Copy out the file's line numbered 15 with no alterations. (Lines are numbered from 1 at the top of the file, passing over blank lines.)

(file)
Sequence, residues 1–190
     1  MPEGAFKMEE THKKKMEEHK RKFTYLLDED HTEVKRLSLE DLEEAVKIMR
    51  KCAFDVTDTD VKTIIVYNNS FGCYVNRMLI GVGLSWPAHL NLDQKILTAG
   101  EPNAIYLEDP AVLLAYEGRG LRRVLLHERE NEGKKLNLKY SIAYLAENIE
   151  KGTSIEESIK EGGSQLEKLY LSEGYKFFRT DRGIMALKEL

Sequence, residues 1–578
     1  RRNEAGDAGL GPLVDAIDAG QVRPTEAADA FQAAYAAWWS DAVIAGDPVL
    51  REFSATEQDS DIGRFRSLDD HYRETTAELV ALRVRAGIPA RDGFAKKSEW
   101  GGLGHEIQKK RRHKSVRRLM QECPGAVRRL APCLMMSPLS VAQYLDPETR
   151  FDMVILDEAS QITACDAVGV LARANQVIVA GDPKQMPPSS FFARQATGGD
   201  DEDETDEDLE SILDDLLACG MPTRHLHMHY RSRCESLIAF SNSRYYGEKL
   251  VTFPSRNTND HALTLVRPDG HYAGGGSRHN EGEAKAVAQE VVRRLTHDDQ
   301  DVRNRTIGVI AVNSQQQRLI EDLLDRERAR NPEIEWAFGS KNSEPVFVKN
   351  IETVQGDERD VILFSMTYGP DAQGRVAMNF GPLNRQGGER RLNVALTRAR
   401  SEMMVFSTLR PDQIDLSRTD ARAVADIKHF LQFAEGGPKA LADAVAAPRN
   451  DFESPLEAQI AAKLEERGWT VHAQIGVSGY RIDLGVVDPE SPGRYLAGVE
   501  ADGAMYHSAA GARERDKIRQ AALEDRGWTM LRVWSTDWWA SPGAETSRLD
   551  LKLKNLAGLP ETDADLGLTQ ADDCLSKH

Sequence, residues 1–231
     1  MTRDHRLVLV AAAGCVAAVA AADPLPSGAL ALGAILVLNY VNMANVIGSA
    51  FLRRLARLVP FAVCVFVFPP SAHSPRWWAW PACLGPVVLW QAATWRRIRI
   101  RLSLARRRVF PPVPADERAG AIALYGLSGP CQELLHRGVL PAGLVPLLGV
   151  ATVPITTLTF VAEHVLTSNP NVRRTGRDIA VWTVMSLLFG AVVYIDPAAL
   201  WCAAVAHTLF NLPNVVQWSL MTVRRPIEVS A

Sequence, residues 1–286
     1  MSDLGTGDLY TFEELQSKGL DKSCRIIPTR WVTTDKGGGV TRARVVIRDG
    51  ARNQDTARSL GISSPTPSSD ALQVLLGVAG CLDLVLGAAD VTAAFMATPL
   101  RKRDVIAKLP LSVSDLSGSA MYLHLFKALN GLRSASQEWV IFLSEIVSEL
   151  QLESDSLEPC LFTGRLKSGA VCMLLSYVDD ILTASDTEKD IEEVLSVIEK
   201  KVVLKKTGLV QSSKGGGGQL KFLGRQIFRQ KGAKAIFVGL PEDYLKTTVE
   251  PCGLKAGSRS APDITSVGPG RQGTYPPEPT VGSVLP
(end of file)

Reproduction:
   401  SEMMVFSTLR PDQIDLSRTD ARAVADIKHF LQFAEGGPKA LADAVAAPRN